He regularly evaluates programmes in leadership, public policy and justice in UK and overseas. Colin has published in professional journals, lectured at Manchester University and he is a Fellow of the CIPD. He has been a UKES Council member for 6 years and lead the international development strand; edited the Evaluator; and most recently, organised and led a highly successful workshop on development and evaluation with DFID. He would like to see UKES become a more influential and popular forum for members to access and enjoy cutting edge knowledge. We could be more widely recognised as the gateway to access courses in evaluation, guide commissioning and accreditation. We must aim to double membership by 2015. We can do this by attracting evaluators from other sectors – health, economics, environment, police, etc and running workshops, seminars, master classes and webinars as well as the annual conference. Corporates and foundations are being invited to run themed events and joint publications should be encouraged. Our regional networks can be strengthened by offering speakers and linking them to professionals in other parts of the UK and abroad. As Vice President Colin wants to involve as many as possible in developing and promoting UKES. He would like all Council members to engage in a concerted effort and enjoy our complementary skills and backgrounds. We can together raise the profile of UKES and make it a “go to” place for existing and new members.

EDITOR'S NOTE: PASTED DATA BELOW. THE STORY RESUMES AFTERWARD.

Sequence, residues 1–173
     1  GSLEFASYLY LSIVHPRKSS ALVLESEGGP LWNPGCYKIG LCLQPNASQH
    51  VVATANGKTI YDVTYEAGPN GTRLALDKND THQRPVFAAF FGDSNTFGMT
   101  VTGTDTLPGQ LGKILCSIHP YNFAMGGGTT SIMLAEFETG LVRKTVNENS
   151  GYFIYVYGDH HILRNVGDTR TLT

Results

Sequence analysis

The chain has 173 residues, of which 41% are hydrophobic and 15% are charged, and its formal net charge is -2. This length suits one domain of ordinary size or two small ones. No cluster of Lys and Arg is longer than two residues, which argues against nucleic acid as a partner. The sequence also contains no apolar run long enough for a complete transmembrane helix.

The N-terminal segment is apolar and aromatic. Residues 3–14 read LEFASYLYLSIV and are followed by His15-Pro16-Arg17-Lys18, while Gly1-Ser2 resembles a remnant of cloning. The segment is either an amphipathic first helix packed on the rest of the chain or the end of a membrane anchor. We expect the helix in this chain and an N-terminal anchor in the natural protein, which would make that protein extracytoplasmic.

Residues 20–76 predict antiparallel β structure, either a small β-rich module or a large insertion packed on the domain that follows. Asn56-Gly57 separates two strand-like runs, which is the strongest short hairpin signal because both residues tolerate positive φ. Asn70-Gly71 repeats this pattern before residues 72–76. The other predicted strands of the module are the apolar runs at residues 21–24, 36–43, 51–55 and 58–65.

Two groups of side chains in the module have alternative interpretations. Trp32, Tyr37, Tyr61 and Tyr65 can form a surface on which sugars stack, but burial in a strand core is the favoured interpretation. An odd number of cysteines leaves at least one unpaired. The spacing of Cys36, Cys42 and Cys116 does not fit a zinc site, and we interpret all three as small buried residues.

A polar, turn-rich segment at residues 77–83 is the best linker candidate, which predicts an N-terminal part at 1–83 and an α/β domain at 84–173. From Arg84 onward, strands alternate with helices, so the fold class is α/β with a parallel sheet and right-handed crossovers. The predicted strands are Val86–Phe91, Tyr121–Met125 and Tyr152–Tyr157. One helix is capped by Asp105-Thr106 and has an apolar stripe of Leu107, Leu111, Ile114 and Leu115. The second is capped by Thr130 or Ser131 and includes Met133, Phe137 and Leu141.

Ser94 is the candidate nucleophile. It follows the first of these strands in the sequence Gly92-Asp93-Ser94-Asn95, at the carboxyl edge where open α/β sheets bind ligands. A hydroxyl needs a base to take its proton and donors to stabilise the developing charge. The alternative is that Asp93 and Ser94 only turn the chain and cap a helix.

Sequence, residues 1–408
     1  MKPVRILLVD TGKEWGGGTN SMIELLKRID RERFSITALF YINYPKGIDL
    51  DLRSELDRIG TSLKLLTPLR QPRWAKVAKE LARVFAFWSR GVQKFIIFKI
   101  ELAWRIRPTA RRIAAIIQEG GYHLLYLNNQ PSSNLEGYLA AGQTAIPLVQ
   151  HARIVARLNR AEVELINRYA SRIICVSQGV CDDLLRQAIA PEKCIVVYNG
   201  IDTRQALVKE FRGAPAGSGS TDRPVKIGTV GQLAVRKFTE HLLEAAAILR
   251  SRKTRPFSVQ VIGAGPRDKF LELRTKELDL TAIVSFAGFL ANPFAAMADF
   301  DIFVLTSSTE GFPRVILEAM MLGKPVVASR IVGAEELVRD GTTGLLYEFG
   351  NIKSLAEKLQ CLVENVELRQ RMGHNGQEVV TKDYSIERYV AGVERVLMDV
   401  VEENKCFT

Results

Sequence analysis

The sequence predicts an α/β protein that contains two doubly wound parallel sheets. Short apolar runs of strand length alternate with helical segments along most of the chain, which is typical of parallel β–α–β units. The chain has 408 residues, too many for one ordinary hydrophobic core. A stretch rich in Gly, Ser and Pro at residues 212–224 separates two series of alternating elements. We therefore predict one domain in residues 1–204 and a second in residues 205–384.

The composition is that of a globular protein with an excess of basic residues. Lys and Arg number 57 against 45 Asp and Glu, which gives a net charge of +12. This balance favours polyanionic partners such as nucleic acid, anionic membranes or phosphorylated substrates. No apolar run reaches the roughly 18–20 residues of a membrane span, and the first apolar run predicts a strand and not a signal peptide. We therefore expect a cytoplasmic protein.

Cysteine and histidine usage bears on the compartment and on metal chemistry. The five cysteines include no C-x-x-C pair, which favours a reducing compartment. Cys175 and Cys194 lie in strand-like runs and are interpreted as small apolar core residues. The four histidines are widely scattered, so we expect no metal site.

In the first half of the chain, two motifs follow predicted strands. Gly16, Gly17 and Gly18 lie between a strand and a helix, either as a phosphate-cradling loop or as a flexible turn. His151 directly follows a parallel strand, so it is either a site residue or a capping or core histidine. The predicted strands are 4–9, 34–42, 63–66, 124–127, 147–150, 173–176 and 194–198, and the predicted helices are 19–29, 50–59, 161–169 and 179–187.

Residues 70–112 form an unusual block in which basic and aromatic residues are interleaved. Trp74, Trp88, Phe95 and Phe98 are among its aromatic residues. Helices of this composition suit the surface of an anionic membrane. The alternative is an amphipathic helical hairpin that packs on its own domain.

Elizabeth Robin was formerly Head of Profession for Evaluation in DFID.